Prisma Health, the company formed by the merger of Palmetto Health and Greenville Health Systems, will establish its corporate headquarters in Greenville.
Combined with the recent purchase of SCANA by Virginia-based Dominion Energy, the Prisma move means the capital city will have lost two of its biggest corporate headquarters.
In addition, Prisma Co-Chief Executives Charles D. Beaman Jr., the former CEO of Palmetto Health, and Michael C. Riordan, former CEO of Greenville Health System, will step down after a new CEO is named. Their contracts expire at the end of 2019.
Prisma Health has launched a national search for a new chief executive.
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“We are committed to finding the right leader, just as we are committed to improving the health and well-being of people in the Midlands, the Upstate and, ultimately, the entire state,” James E. “Rick” Wheeler, vice president of M-D MetalSource and chairman of the Prisma Health Board of Directors said in a news release.
“With each step, we are coming closer to delivering on our promise to create a better state of health in South Carolina by improving clinical quality, the patient experience and access to care, and containing rising health care costs,” he said.
Palmetto Health and Greenville Health System merged in November 2017 to create the largest health system in South Carolina with 13 hospitals.
Prisma serves more than 1.2 million patients annually — or about one-quarter of the state’s population. The company has more than 30,000 employees.
It’s a bit of a blow to Columbia to be overlooked for the group’s headquarters, said Carl Blackstone, president and CEO of the Columbia Chamber.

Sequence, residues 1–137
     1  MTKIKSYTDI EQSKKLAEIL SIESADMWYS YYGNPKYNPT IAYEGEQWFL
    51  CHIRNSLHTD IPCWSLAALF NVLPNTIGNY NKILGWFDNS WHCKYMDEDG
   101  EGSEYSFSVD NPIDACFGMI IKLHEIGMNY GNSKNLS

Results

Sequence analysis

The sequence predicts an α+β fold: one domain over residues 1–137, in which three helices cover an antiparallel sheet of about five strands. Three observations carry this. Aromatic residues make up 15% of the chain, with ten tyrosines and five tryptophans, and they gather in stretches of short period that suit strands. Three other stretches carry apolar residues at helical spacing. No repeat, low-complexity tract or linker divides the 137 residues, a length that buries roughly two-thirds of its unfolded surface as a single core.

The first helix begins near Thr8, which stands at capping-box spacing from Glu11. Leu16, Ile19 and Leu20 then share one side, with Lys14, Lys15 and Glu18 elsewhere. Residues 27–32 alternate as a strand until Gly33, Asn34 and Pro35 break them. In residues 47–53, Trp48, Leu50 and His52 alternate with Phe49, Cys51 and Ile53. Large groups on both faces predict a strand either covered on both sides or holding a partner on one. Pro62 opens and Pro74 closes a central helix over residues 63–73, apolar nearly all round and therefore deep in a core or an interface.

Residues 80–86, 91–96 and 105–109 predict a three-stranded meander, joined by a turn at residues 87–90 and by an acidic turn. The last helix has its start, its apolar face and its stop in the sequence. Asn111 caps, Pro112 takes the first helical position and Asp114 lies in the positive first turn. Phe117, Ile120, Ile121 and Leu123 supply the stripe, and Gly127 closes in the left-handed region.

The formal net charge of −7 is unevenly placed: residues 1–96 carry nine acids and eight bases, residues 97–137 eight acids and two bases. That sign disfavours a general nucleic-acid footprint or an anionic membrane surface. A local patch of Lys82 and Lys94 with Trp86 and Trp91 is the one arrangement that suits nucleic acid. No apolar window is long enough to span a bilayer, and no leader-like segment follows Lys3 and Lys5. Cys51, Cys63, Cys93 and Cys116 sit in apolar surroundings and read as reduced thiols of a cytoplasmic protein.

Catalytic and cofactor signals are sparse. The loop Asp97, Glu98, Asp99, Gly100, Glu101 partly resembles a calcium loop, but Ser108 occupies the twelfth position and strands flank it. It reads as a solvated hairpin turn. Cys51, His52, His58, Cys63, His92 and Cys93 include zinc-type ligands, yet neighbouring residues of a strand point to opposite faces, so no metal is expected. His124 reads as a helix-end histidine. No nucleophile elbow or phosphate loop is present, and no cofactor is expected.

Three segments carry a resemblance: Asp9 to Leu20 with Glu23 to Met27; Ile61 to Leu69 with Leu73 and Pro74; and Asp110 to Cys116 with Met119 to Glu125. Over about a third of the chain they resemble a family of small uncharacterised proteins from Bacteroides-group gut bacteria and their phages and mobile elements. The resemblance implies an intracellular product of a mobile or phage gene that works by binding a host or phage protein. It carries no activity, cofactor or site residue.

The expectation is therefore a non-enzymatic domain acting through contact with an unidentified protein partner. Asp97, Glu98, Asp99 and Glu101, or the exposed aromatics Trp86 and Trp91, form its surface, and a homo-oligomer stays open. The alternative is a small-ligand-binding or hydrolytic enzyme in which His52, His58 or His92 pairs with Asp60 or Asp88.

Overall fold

But, he said, “I’m not surprised.”
“The positive side of this is it’s still a South Carolina company,” Blackstone said. “The overwhelming majority of caregivers are here in Columbia and are focused on the Midlands of South Carolina. ... Would we prefer to have (executive offices) here? Absolutely. But we’re not talking about but a handful of folks.”
Regional presidents and leadership teams for both the Midlands and Greenville markets will continue to live and work in their respective regions, Prisma officials said.
But the new systemwide “executive home office” will be located in Greenville, housing about 60 corporate leaders and related staff, including the new CEO, the news release said.
“It is not a traditional large corporate headquarters where all senior leaders, corporate functions and their teams are housed,” it said.
The corporate move is expected to take place this summer, it said.
“Bringing our senior corporate leaders together under one roof will help improve communication, collaboration and decision-making while supporting strategic growth and development,” Wheeler said in the release. “From a practical standpoint, it will help reduce travel time and expenses for meetings.”
Lynn Bailey, Columbia-based health care economist, called the move a good one.
She said the Greenville Health System was better managed and the culture in Greenville is more conducive to quicker, more effective decisions. The creation of a “super board” when Palmetto Health was formed made the organization top heavy, she said.
“Greenville has a functioning health care system,” she said. “We don’t have a functioning health care system. There are more chiefs than Indians. It’s a clown car. Greenville has brought them closer to reality.”
Beaman, a Columbia native, was president and chief executive of the Baptist Healthcare System for a decade before it merged with Richland Memorial Hospital to become the Palmetto Health system in 1998.
At that time, Beaman became the new health system’s founding president. In 2007, he assumed the CEO duties as well.
Beaman, 67, has worked in Midlands health care for 45 years.
He was named co-CEO with Riordan when Palmetto Health merged with Greenville Health System.
It is unclear what Beaman’s role with the company might be, if any.
“We expect, once the new CEO is named and on board, to be able to share more specifics about Chuck Beaman’s and Mike Riordan’s next steps,” Prisma spokeswoman Tammie Epps said.
The combined companies were expected to generate $3.9 billion in annual net revenue and become the largest private employer in South Carolina with more than 28,000 health care workers and 2,800 physicians.